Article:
Cine Suffragette
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Cine Suffragette

Family Squares (2022), by Stephanie Laing

Zoom meetings. During the ongoing pandemic, there is nothing that united people more than Zoom meetings — even if people united to complain about them. We all have been to an uncountable amount of Zoom meetings, so why would we choose to sit down and watch a movie that looks like a Zoom meeting? In the case of “Family Squares”, it’s because cinema can convey so much more emotion than even the most intense Zoom meeting could do — because cinema is always reinventing itself with the help of new technologies, while maintaining the irreplaceable human factor that has been keeping the industry in motion for over 125 years.

Gandma Mabel Worth (June Squibb) feels that she’s dying and asks to see her family. Every person lives in a different place, and time is against them, so travelling isn’t a choice. They reunite in a Zoom meeting and watch Grandma Mabel die peacefully. After that, they reunite again on Zoom to discuss the funeral and have a surprise: Grandma Mabel has recorded several videos with messages for the family, and in these videos she spills some secrets, like the fact that one of Diane’s (Margo Martindale) children is not a sibling. Now, the family has to deal not only with grief, but also with the revealed secrets.

The members of the Worth family are joined, in their calls, by Alex (Sam Richardson), director of the funeral home and also state attorney, and Judith (Ann Dowd), Grandma Mabel’s romantic partner in later years. There are scenes set outside of the Zoom squares, in the characters’ bedrooms or rooms, and also conversations on the phone, in group chats and on FaceTime.

The things that usually happen in Zoom meetings are there in the movie, to create this fun yet awkward familiar feeling: people talk while their microphones are muted, bad internet connections prevent proper communication, ring lights fall down and much more.

Themes related to the COVID-19 pandemic are also present in “Family Squares”. Bret (Timothy Simons) talks about how being quarantined affected his teenager daughter Cassie (Elsie Fisher). Katie (Casey Wilson) has to deal with her kids being at home 24/7 and having online classes. It’s made clear that the pandemic also helped set the family apart, but there was already distance and animosity between them before social distancing came.

“Family Squares” was filmed during lockdown in 2020 and it shows. It was clear that Bret and Cassie, father and daughter in the movie, were never in the same room, for instance. This, however, does not impact our enjoyment of the story. The film wasn’t supposed to be shot remotely, that’s why the original script had to undergo a rework, and many sequences were improvised. Each Zoom square then became a stage for each actor to showcase their talent, and they used their own clothes and accessories to dress as their characters, and also their own belongings to decorate the sets.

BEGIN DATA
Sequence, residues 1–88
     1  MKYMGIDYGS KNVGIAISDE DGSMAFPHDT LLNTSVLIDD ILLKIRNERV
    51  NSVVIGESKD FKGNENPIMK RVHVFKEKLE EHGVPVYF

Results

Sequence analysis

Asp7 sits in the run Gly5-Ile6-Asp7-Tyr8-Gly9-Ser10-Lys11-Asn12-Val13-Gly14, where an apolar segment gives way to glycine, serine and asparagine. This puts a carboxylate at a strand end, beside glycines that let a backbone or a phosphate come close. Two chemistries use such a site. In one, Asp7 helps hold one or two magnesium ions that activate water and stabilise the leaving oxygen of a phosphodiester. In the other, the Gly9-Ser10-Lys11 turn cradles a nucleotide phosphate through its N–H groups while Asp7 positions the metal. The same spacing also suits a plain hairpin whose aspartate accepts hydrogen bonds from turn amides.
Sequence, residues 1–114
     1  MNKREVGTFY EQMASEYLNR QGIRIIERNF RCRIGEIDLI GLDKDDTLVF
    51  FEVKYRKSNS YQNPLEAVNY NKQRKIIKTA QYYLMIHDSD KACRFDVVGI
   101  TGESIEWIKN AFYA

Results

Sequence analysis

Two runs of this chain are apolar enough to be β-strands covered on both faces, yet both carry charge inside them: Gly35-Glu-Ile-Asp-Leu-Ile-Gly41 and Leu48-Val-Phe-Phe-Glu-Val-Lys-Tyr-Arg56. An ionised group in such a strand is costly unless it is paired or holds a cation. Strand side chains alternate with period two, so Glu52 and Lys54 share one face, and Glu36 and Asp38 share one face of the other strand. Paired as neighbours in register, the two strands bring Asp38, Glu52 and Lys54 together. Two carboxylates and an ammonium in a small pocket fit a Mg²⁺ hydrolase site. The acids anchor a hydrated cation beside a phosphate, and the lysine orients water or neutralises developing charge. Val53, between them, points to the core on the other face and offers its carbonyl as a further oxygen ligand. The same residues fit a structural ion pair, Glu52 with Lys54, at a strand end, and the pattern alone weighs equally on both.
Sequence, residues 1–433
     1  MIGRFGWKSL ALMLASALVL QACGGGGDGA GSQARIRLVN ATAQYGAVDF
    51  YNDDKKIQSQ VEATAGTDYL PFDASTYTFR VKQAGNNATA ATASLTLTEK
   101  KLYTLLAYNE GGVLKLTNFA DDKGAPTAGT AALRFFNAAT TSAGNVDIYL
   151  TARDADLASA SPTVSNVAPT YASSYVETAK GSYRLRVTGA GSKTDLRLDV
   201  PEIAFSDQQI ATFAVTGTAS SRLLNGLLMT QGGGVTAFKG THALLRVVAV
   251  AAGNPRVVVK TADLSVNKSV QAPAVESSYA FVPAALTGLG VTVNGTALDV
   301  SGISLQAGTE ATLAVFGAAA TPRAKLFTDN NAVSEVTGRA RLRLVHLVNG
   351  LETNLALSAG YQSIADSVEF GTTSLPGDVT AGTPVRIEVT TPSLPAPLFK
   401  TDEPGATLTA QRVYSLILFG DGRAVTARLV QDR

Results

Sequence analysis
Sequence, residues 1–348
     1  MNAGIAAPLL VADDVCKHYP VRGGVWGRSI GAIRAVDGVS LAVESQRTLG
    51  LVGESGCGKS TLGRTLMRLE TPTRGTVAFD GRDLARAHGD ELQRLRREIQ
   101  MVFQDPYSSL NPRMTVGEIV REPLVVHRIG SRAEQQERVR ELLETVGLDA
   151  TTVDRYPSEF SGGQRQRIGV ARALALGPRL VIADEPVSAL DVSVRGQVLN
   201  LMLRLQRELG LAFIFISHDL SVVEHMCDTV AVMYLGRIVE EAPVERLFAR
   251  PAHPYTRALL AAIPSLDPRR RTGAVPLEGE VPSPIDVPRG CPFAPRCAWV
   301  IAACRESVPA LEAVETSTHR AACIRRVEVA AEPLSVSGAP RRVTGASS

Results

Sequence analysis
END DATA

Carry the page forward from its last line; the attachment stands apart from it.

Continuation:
Editing is important in all movies, and it was even more important in “Family Squares” — and the editing process was also made remotely! Editor Joe Klotz was quarantined in Scotland, and had to connect with director Stephanie Laing whenever the time difference permitted. Joe’s job was “simply” taking footage from the 22 iPhones sent to the actors’ houses and rearranging the footage in Zoom squares for the final movie.

“Family Squares” has an all-star cast made up by TV veterans and indie film darlings, including Henry Winkler, Judy Greer and the aforementioned Squibb, Martindale, Fisher, Simons and Richardson. With so many characters and so many things going on in small screens, unfortunately there is a feeling that the characters are underdeveloped. But maybe this was on purpose: maybe their relationship with Grandma Mabel and with each other is more important than who they truly are. At the same time, this underdevelopment of characters helps the idea that no person can fit into a Zoom box, and that we’re much more than what we show when we attend Zoom meetings.

Stephanie Laing, who directed, co-wrote and co-produced “Family Squares”, took inspiration from her own life — the loss of her grandmother and mother — to make the film, that is only her second feature. A two-time Emmy winner, Laing has produced and directed episodes of the HBO show “Veep” — where she met Timothy Simons and Sam Richardson.

Stephanie Laing (Source: press materials)

It was impossible for me to watch “Family Squares” and not think about a Brazilian movie made also through Zoom meetings: “Álbum em Família” (“Familiar Album”) was presented at the 2021 Gramado Film Festival and brought a group of actors together to interpret a play by famous playwright Nelson Rodrigues — all the discussions, rehearsals and scenes made on Zoom.

Not recommended for those suffering of Zoom fatigue, “Family Squares” brings together a spectacular cast to talk about things we all experience, like love, death, grief, technological difficulties and more. It’s a movie with a heart: something we are still desperately in need of in the current times.

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Letícia Magalhães

Letícia Magalhães

Lê. Latina. Aspie. Cinema. Feminism.